you can also metcon these if you really want. i used to do it a lot. it's relatively safe and very engaging. i would tabata it so that i could have ample time to switch sides.

on the 8weeks out site, they looked fine, but they used 2 types of ladder climbing machines. the one that really looks like a ladder is kinda cool. the one that's like a post with handles sticking out just looks silly to me. they use that at one club i've trained at, and it drives me crazy everytime. just use a damn jump rope. simplicity is always better.

i don't know if i mentioned this before, but sledge hammers and tires are a favorite exercise of mine now. i find that it's hard to mimic the slamball feeling sometimes, but this exercise does it well. this has applications towards snap downs and what not. i find that when you get into it, most of the actual strength required to perform it is just a wrist snap. getting the weight up in the air is just a back swing, windmill motion. the wrist snap comes in laying it down into the tire.
Grissim Connery is offline   Reply With Quote
Reply


Thread Tools
Display Modes

Posting Rules
You may not post new threads
You may not post replies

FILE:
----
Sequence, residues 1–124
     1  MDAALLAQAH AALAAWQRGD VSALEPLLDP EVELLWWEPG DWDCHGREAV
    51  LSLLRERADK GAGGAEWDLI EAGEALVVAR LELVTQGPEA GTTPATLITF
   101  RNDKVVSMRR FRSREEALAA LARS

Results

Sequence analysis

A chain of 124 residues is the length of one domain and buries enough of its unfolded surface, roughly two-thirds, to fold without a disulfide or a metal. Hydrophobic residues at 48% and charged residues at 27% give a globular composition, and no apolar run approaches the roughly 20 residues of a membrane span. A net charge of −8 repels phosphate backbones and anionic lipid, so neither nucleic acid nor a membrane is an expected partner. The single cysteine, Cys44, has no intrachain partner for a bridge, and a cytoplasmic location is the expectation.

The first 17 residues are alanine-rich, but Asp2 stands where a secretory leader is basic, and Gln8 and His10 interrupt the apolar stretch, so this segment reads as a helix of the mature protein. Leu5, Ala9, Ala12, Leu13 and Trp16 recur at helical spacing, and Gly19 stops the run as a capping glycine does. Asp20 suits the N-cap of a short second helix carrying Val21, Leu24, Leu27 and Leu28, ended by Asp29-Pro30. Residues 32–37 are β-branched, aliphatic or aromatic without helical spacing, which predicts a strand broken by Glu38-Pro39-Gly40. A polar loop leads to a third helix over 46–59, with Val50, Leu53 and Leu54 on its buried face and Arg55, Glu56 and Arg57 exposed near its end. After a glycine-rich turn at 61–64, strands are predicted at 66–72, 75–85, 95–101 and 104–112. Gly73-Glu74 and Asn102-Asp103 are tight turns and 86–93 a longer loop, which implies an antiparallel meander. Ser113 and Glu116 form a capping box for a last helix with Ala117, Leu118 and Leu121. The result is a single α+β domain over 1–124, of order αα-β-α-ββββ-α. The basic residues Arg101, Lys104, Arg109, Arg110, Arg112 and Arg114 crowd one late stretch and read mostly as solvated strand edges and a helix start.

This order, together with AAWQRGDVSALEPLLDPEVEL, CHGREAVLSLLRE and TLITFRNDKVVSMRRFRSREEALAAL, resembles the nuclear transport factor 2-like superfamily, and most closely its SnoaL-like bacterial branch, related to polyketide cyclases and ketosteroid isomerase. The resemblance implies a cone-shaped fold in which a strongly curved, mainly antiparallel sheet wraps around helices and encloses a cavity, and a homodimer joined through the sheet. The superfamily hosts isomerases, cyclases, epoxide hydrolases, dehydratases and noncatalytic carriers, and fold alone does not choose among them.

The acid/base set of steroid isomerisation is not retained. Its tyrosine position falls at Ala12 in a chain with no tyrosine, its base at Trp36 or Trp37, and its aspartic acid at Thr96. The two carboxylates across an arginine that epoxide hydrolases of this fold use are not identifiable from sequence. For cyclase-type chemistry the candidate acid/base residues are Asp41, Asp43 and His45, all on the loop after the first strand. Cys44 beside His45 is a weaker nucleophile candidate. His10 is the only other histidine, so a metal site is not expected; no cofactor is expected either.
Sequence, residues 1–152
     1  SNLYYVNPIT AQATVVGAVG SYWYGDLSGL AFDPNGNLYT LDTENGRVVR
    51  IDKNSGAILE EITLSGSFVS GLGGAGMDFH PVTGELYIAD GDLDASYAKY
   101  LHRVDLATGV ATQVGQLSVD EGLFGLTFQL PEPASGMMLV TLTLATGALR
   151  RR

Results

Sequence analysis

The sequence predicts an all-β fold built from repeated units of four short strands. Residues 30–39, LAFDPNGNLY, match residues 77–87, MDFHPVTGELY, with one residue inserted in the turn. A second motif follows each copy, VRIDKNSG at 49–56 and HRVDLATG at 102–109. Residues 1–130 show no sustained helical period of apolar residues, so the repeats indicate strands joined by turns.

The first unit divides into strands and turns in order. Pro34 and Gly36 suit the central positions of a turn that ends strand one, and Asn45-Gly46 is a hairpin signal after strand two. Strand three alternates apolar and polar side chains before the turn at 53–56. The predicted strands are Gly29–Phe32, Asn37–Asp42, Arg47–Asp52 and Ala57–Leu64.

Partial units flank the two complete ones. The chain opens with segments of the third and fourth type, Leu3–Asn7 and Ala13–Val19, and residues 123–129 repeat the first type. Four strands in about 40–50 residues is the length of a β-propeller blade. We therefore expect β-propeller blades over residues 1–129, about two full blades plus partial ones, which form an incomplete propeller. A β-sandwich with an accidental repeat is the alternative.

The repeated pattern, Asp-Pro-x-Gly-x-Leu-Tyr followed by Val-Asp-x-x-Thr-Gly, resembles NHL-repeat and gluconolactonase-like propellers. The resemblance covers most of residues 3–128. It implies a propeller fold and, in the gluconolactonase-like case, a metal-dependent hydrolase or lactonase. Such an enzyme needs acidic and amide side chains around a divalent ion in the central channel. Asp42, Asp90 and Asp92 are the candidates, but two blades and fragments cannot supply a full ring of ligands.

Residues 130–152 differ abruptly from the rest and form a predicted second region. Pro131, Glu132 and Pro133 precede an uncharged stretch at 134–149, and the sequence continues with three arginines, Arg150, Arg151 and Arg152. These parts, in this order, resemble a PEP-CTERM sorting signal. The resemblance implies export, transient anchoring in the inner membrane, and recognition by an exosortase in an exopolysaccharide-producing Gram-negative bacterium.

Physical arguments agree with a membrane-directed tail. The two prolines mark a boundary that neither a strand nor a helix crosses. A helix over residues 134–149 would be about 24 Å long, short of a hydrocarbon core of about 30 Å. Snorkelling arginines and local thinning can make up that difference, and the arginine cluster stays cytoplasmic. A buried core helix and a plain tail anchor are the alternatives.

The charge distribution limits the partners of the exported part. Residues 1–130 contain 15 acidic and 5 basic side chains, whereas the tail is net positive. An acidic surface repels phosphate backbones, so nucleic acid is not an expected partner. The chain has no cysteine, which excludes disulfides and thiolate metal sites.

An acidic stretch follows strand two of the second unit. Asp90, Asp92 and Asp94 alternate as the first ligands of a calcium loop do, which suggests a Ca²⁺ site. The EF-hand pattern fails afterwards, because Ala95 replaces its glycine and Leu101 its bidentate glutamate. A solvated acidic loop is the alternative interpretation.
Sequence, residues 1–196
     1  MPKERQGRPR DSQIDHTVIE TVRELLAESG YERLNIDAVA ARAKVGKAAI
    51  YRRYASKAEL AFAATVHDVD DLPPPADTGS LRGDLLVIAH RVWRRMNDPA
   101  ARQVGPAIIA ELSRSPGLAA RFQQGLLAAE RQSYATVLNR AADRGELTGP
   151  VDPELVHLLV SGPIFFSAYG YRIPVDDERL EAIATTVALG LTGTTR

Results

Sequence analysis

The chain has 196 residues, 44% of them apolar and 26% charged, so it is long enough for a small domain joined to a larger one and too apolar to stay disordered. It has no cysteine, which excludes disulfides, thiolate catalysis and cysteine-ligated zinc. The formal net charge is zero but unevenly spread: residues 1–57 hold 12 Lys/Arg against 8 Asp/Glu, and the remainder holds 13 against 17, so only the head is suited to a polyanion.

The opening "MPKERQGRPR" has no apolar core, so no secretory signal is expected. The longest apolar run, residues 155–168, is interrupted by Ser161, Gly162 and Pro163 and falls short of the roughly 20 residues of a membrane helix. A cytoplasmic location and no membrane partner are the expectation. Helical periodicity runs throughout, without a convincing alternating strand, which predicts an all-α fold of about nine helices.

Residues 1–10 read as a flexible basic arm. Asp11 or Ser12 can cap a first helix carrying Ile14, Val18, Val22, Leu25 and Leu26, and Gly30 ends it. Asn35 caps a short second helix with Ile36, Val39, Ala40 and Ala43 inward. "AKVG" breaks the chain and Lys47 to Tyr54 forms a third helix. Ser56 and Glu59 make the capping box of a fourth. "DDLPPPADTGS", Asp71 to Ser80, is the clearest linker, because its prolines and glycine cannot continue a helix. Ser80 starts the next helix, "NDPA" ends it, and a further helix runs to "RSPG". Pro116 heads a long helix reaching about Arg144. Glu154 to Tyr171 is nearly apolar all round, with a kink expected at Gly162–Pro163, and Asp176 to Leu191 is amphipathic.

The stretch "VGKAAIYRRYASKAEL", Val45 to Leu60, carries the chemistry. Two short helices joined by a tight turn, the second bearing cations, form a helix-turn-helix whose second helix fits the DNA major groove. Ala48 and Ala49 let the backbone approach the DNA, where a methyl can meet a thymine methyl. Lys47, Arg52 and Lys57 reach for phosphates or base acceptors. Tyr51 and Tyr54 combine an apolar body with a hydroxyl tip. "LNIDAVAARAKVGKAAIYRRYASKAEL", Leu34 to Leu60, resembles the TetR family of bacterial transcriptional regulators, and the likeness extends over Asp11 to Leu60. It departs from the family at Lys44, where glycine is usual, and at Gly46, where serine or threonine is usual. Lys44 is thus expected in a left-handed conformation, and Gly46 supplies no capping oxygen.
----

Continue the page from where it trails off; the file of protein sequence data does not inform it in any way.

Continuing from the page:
You may not post attachments
You may not edit your posts

vB code is On
Smilies are On
[IMG] code is On
HTML code is Off
Forum Jump


All times are GMT -7. The time now is 10:45 AM.

Powered by vBulletin Version 3.6.2
Copyright ©2000 - 2014, Jelsoft Enterprises Ltd.
Subscribe to our Newsletter


Receive emails with training tips, news updates, events info, sale notifications and more.
ASK GREG

Submit your question to be answered by Greg Everett in the Performance Menu or on the website

Submit Your Question
WEIGHTLIFTING TEAM

Catalyst Athletics is a USA Weightlifting team of competitive Olympic-style weightlifters with multiple national team medals.

Read More
Olympic Weightlifting Book
Catalyst Athletics
Contact Us
About
Help
Newsletter
Products & Services
Gym
Store
Seminars
Weightlifting Team
Performance Menu
Magazine Home
Subscriber Login
Issues
Articles
Workouts
About the Program
Workout Archives
Exercise Demos
Text Only
Instructional Content
Exercise Demos
Video Gallery
Free Articles
Free Recipes
Resources
Recommended Books & DVDs
Olympic Weightlifting Guide
Discussion Forum
Weight Conversion Calculator